Every model of brake works a little differently, making it impossible to cover each and every one comprehensively here. Always keep the instructions which came with your own particular brake and refer to it for detailed instructions relevant to your brake.
The basic principle is the same for all hydraulic brakes, though: the pads need to sit close enough to the rotors to be able to bite swiftly and firmly onto the rotor’s surface when you brake, but they need enough clearance to allow the rotors to pass freely between the pads without slowing the wheel down unnecessarily.
It’s fine for rotors to rub a little on the pads. Disc brake pads are much harder than rim brake pads, so a little bit of contact isn’t going to slow you down and light ’scuffing’ at one or two points on the rotor’s rotation isn’t a problem. However, a badly bent rotor or poorly adjusted calliper will cause the pads to rub on the rotor permanently, which will slow you down and cause unnecessary heat build-up in the fluid as well as pad wear. Slightly bent rotors can be straightened by hand but warped rotors must be replaced.
The most common design for mountain bike hydraulic disc brakes uses two pistons, one on each side of the rotor. This is more than powerful enough for the majority of riders, but if you decide you want to go faster and need to look at brakes which are up to the task, then you could look at the more powerful variation which uses a pair of pistons on each side of the rotor (four in total). These are designed to fine-tune the action of the brake by making two of the four pistons slightly smaller; the pair of smaller pistons moves first, followed by the larger, pushing a larger brake pad. The greater surface area of the pad is less forgiving of maladjustment but helps dissipate heat effectively on long descents or under hard braking as well as giving more power. If this four-pot system is still not enough, then you could take the final step and fit a six-pot system; but if that’s the case you’re probably well beyond any advice this book can offer!
Brake pads can be removed easily for inspection or replacement
Adjusting pad clearance
Whilst older and more basic open hydraulic systems don’t allow you to adjust the pad placement in the same way as a closed system does, many now come with a bite point adjustment in some form or another. The simplest of these are the tool-free versions found on Hope’s Tech Levers or Shimano XT and Saint. Look into the gap between pad and rotor whilst adjusting the dial to work out which way the pads move; then turn the adjusting dial so that the pads hit the rotor when the lever is approximately halfway to the bar. This gives you enough lever travel for precise control over your speed but avoids any risk of trapping your fingers between bar and lever when braking in a hurry. Another useful adjustment is the lever reach. On a few levers this is also tool-free but the majority require you to use a tiny, 2.5mm or 2mm Allen key to turn an awkwardly placed screw that’s usually located on the inside of the lever blade. Don’t be tempted to try and hurry things along by using a long, ball-ended Allen key for this unless it’s a proper T-bar version – a basic one will round off quickly as the short end of a regular Allen key doesn’t give you enough leverage to turn the screw effectively.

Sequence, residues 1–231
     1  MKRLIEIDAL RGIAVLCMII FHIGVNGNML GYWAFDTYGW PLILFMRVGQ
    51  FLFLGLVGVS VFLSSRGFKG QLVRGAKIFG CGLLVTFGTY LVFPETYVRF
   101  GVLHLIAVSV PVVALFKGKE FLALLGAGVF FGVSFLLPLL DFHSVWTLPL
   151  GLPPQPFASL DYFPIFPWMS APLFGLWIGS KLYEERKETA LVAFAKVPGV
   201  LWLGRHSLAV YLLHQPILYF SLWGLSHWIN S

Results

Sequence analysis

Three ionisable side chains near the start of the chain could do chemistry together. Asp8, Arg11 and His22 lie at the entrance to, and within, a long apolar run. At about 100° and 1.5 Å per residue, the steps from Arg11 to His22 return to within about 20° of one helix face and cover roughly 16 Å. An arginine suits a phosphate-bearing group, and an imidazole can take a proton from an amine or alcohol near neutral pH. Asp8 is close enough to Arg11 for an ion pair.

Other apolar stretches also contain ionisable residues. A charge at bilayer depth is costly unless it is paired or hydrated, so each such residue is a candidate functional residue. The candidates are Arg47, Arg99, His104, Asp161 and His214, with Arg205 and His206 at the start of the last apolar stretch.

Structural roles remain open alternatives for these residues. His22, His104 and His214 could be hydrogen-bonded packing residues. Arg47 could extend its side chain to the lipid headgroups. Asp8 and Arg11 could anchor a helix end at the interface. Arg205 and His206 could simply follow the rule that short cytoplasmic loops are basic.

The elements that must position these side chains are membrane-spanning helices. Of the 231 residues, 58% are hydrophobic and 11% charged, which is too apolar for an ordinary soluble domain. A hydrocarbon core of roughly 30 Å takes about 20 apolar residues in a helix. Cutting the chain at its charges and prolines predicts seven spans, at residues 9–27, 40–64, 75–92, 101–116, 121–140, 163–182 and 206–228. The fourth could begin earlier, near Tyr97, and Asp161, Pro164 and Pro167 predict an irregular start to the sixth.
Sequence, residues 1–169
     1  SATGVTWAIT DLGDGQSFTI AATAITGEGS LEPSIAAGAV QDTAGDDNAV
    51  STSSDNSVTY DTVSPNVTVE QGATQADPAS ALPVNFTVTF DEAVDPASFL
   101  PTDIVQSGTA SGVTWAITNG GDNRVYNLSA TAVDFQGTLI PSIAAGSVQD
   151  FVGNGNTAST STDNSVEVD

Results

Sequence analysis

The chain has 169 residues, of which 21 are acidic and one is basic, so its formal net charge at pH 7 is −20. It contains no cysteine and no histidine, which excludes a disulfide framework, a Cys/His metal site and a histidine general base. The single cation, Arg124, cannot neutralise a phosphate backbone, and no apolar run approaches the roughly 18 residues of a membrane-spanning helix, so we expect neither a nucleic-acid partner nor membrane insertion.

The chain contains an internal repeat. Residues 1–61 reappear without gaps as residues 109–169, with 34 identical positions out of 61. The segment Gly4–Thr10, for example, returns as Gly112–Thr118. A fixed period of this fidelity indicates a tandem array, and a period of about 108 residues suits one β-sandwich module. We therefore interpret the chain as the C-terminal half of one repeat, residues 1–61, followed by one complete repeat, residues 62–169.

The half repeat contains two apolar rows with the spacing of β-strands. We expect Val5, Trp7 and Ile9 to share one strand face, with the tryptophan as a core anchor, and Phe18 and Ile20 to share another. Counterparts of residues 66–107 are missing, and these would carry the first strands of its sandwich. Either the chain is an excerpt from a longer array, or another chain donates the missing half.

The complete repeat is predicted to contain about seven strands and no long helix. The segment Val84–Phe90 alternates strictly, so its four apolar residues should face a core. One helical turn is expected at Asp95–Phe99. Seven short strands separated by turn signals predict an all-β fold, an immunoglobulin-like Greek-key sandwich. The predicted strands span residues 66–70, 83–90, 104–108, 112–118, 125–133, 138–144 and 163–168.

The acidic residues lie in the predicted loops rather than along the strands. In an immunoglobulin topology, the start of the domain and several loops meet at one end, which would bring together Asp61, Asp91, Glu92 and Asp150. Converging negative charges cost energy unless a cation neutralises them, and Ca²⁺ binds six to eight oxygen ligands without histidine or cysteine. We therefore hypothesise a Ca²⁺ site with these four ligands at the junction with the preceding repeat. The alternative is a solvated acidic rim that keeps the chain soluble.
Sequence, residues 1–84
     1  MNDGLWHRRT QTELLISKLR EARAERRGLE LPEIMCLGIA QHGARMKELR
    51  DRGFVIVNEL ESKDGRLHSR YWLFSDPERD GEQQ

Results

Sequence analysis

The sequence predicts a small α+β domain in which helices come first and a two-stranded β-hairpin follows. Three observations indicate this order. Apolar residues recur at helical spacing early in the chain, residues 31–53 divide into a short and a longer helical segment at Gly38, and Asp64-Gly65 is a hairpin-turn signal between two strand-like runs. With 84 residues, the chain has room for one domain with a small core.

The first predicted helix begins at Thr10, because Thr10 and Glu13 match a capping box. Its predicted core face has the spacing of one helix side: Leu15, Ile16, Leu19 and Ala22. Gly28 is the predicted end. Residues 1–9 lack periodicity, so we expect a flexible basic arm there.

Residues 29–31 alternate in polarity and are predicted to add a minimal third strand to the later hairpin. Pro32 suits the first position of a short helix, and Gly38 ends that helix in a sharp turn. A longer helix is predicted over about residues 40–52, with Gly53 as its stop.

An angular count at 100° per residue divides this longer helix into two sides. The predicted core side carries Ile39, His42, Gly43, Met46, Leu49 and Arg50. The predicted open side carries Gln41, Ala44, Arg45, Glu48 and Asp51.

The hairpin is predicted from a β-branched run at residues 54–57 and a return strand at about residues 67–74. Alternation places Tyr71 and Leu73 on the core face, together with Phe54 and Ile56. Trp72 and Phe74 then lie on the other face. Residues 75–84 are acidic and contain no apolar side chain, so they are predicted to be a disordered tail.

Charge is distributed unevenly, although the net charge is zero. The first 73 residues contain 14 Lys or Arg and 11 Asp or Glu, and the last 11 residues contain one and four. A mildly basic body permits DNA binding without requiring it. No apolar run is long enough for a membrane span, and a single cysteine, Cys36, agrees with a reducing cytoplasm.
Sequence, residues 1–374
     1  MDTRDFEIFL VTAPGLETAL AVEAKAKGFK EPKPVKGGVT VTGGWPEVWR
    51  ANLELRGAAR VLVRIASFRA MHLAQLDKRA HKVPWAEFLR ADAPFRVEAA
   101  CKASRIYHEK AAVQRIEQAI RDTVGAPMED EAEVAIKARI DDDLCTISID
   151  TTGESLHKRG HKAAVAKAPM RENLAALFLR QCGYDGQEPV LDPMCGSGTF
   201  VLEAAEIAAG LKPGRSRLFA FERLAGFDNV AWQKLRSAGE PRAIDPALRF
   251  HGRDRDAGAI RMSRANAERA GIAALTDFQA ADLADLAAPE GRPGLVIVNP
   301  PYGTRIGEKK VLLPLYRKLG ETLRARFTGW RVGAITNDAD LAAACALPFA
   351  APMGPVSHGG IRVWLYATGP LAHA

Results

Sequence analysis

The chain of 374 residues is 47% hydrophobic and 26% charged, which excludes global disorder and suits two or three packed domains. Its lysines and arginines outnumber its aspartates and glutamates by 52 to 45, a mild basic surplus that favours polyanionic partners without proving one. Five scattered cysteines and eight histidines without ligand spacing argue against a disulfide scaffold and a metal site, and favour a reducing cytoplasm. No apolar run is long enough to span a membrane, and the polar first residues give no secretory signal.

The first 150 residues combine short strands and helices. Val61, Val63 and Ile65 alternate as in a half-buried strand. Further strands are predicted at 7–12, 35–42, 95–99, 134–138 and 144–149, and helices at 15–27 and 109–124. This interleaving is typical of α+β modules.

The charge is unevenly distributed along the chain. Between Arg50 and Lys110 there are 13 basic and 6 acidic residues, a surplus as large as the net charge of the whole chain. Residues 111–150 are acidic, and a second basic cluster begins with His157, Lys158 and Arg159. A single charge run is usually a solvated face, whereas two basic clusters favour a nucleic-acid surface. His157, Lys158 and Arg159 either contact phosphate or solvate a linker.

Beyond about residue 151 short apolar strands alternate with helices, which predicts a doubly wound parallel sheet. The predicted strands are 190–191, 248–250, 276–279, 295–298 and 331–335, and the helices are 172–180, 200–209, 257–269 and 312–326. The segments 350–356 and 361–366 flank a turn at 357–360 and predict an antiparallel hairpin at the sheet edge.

To figure out where you should set the lever reach, sit on the saddle and place your fingers on the bars as if you were about to brake. If you have to stretch at all or find yourself rotating your hand around the bar in order to get your fingertips on the lever, then you need to move them inwards. Ideally your fingers should rest with the leverblade sitting between your first and second knuckles.
It’s important to remember that the majority of disc brake systems are self-adjusting and so you’ll need to pump the brakes frequently when making adjustments, to let them settle into place. This applies if you’ve fitted new pads, bled the system or are adjusting the bite point, as well as any other maintenance task. If you pump the brake lever and the lever comes all the way back to the bar before the pads bite, you’re short of oil volume and probably also have air trapped in the system. Follow the instructions for bleeding your brakes on page 124–5. On the other hand, if the brake pads bind on the rotor no matter now many times you pump the lever, you may have too much fluid in the system. With care, you can drain a little of this excess away. Fit a length of clear hose to the brake calliper’s bleed nipple to prevent air being sucked in, then open the bleed nipple a quarter-turn with the correct spanner. Squeeze the brake lever gently so that 3–4mm of oil creeps up the hose – no more. Close the bleed nipple, remove the hose and test operation, before repeating if necessary.
Source : BIKE MAINTENANCE TIPS, TRICKS & TECHNIQUES